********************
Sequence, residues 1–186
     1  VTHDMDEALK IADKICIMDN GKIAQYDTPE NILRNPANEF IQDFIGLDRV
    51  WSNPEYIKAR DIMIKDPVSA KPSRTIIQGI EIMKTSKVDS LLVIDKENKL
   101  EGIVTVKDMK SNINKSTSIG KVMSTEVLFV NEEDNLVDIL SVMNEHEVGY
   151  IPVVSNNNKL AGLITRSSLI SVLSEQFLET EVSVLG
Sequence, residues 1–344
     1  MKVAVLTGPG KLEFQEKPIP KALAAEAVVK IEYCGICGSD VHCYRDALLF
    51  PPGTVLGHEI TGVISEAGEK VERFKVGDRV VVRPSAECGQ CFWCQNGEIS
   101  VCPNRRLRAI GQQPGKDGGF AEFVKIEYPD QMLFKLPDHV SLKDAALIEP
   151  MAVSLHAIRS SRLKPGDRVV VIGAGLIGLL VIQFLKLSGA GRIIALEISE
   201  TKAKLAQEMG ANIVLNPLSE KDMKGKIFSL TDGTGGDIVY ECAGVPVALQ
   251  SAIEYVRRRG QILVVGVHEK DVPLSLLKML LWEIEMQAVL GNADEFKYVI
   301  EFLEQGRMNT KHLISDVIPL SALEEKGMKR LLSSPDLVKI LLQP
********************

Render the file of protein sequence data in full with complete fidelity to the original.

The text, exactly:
Sequence, residues 1–186
     1  VTHDMDEALK IADKICIMDN GKIAQYDTPE NILRNPANEF IQDFIGLDRV
    51  WSNPEYIKAR DIMIKDPVSA KPSRTIIQGI EIMKTSKVDS LLVIDKENKL
   101  EGIVTVKDMK SNINKSTSIG KVMSTEVLFV NEEDNLVDIL SVMNEHEVGY
   151  IPVVSNNNKL AGLITRSSLI SVLSEQFLET EVSVLG
Sequence, residues 1–344
     1  MKVAVLTGPG KLEFQEKPIP KALAAEAVVK IEYCGICGSD VHCYRDALLF
    51  PPGTVLGHEI TGVISEAGEK VERFKVGDRV VVRPSAECGQ CFWCQNGEIS
   101  VCPNRRLRAI GQQPGKDGGF AEFVKIEYPD QMLFKLPDHV SLKDAALIEP
   151  MAVSLHAIRS SRLKPGDRVV VIGAGLIGLL VIQFLKLSGA GRIIALEISE
   201  TKAKLAQEMG ANIVLNPLSE KDMKGKIFSL TDGTGGDIVY ECAGVPVALQ
   251  SAIEYVRRRG QILVVGVHEK DVPLSLLKML LWEIEMQAVL GNADEFKYVI
   301  EFLEQGRMNT KHLISDVIPL SALEEKGMKR LLSSPDLVKI LLQP